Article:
Media Insider: Twitter Fights Vaccine Misinformation With New Search Tool, The Washington Post Adds Subscription Tools to Arc, Instagram is Killing its Standalone Direct App

Welcome to Media Insider, PR Newswire’s round-up of media stories from the week.

A variety of social media words

THE VERGE | MAKENA KELLY
Twitter fights vaccine misinformation with new search tool

To prevent the spread of anti-vax misinformation, Twitter launched a new search tool that will prompt users searching for vaccine-related tweets to head to vaccines.org. Twitter — and other social media companies — have faced growing pressure over the last few months from lawmakers and the public to remove anti-vaccination propaganda from their platforms. In a recent company blog post, Del Harvey, VP of Trust and Safety, said, “We’re committed to protecting the health of the public conversation on Twitter. Ensuring individuals can find information from authoritative sources is a key part of that mission.” As of right now, users will see the tool on iOS, Android, Twitter’s mobile site, and the newly designed desktop site in the U.S., U.K., Canada, Brazil, and Korea.

Read the blog post here: Helping you find reliable public health information on Twitter

DIGIDAY | MAX WILLENS
The Washington Post adds subscription tools to Arc

The Washington Post announced that it has added a suite of subscription tools to Arc — the modern publishing system engineered to meet the needs of the world’s largest publishers. According to the article, “The Post plans to offer clients a machine-learning tool that will help identify which kinds of readers are most likely to become subscribers. Unlike some other facets of Arc’s platform, publishers do not need to be Arc clients to use the subscription tools.” Because consumer revenue has emerged as a top priority for digital publishers, The Post is hoping that its first-hand experience with publisher problems will set it apart.

Related: In pivoting to paid, publishers run into tech headaches

TECHCRUNCH | INGRID LUNDEN
Instagram is killing Direct, its standalone Snapchat clone app, in the next several weeks

Instagram will be shutting down Direct, the standalone direct messaging app, to consolidate more of its various apps onto a single platform. “Instead, Facebook and its Instagram team will channel all developments and activity into the direct messaging feature of the main Instagram app,” TechCrunch reports. For those who use the Direct app, their conversations will automatically move over to Instagram. Although there will no longer be a standalone app, Instagram will continue developing Direct features.

Check out what else Instagram has been working on: Instagram prototypes video co-watching

THE NEW YORK POST | KEITH J. KELLY
Salon Media in talks for $5M fire sale in last-ditch effort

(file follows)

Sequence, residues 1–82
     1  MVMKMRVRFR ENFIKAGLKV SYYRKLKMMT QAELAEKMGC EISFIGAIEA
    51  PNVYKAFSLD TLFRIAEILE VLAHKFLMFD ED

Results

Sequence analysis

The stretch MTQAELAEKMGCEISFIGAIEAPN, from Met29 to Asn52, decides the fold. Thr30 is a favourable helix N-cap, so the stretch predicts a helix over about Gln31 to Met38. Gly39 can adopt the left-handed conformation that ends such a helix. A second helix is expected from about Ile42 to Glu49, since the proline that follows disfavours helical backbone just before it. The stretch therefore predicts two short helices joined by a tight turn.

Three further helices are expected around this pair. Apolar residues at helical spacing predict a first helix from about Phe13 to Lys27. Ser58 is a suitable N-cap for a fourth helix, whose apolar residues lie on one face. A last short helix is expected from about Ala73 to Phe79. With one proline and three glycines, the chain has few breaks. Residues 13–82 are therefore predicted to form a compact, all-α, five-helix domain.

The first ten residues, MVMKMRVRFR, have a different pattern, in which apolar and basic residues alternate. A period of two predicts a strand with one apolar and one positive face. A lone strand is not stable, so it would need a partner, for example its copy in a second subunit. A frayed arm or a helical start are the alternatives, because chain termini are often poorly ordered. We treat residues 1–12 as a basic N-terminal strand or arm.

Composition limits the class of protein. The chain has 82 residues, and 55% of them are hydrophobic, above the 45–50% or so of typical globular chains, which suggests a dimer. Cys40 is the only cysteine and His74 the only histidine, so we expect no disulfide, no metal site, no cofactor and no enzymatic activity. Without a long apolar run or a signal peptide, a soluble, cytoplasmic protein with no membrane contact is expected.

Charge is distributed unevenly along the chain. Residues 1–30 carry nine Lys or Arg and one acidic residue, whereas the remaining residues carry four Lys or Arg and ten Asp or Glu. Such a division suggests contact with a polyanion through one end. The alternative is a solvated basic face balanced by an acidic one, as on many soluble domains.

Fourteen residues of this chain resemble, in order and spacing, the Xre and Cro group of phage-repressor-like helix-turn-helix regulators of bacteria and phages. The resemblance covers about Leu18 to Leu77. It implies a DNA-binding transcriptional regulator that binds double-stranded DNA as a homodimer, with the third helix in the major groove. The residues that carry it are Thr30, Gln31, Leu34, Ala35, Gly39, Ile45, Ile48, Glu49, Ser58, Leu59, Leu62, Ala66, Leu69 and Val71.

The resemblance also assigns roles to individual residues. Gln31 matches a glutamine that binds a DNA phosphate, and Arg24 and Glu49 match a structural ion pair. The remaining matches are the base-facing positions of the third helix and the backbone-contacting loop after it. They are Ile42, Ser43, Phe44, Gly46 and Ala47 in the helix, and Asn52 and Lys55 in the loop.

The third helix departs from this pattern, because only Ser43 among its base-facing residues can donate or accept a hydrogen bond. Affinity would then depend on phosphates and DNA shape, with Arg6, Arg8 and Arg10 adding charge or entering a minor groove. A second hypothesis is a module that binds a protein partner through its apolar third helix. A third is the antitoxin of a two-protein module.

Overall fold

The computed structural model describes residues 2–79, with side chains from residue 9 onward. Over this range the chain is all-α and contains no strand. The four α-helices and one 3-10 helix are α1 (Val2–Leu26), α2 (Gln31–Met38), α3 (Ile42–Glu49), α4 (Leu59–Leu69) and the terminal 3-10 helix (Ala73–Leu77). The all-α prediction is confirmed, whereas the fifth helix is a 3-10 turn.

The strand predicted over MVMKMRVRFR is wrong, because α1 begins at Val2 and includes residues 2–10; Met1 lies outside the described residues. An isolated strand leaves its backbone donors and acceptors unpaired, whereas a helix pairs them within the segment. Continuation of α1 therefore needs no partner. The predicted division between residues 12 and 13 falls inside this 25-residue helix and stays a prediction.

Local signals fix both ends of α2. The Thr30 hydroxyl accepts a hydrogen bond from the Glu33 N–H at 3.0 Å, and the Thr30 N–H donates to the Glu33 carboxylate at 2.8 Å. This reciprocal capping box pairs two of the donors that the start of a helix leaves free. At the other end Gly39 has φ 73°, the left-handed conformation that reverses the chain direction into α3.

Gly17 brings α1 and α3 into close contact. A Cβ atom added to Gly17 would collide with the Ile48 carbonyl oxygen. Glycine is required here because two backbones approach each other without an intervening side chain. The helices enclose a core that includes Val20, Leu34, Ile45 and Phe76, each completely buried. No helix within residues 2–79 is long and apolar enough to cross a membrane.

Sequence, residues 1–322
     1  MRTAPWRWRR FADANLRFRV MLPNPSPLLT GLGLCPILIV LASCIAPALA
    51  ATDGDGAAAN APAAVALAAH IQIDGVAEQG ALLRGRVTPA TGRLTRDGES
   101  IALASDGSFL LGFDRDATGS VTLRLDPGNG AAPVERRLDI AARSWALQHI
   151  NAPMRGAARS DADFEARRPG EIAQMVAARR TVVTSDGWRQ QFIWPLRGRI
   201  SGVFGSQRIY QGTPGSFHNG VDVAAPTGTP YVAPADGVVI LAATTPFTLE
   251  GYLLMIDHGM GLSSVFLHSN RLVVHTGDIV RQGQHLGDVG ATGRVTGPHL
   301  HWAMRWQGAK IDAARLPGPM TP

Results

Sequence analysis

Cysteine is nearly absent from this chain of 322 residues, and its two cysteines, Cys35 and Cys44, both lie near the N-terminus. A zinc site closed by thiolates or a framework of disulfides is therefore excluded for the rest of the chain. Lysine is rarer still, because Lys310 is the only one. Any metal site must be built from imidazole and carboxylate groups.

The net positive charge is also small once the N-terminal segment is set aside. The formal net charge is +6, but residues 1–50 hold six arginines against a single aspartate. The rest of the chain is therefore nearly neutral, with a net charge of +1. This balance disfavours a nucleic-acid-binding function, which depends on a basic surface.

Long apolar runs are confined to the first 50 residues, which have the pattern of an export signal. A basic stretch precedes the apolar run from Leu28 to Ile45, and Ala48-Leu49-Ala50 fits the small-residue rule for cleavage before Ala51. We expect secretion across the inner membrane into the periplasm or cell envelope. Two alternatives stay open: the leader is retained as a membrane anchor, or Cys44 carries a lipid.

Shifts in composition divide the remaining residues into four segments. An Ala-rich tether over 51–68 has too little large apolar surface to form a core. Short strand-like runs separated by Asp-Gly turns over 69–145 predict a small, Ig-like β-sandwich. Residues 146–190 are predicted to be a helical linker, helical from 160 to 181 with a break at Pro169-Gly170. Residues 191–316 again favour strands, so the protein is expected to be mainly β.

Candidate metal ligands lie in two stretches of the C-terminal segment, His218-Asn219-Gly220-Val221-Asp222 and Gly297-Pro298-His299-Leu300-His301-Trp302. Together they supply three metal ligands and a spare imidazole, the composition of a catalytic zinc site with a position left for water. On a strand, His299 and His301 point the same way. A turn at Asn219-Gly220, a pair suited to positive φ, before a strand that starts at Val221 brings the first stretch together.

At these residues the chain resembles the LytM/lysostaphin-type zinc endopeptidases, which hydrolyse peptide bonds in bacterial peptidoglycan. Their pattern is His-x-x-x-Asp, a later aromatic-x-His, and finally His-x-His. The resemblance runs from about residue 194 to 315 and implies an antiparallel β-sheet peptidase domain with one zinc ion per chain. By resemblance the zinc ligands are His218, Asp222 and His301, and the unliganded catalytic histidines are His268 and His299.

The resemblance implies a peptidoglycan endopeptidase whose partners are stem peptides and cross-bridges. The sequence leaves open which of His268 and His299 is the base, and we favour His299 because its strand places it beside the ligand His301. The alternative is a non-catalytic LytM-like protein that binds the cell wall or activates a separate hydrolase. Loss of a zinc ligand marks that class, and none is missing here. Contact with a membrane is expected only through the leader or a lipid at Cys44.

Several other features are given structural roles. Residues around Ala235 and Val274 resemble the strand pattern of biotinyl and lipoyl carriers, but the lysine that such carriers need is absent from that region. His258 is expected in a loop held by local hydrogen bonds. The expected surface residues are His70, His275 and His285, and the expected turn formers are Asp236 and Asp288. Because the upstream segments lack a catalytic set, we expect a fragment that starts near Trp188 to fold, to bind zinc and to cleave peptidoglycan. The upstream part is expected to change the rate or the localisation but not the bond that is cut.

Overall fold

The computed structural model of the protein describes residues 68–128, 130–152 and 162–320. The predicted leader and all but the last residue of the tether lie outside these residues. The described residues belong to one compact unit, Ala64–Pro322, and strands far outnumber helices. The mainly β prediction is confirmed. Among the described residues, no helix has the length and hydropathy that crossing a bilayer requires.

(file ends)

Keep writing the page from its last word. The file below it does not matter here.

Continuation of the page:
In a recent Securities and Exchange Commission filing, Salon Media Group reportedly stated it has reached a $5 million deal to sell itself to a company called Salon.com LLC. Although the filing contained no other details on the mystery buyer or buyers, the New York Post reports that “the deal would only require a $550,000 payment at closing.” As for the remaining amount, $100,000 is going to an escrow account, a $500,000 deposit has already been paid, and the additional $3.85 million would be paid in two installments over the next two years. The filing also revealed that Salon Media CEO, Jordan Hoffner, resigned suddenly earlier this month and Richard MacWilliams has been named acting CEO.

Check out the SEC filing here.

COLUMBIA JOURNALISM REVIEW | COREY HUTCHINS
Should a Colorado library publish local news?

Longmont, Colo., voters may be asked to consider new taxes to fund a special governmental subdivision. Some residents hope to include a community news component in the proposed “library district.” Longmont has some of the fastest internet speeds in the nation after a recent vote approved a publicly owned fiber-optic broadband network — ideal for running a “modern” newsroom. Mayor Brian Bagley, an attorney who has lived in Longmont for a decade, is encouraging all those involved to develop a plan on how a taxpayer-supported library district that runs a newsroom can do so without politics influencing coverage. “I am highly skeptical,” he told CJR.

ICYMI: Journalism is a public service. Why don’t we fund it like one?

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Joanna Giannell is a Senior Customer Content Specialist with PR Newswire. She is also an animal lover and music enthusiast. Tune into her insights as a social curator at @PRNpets.

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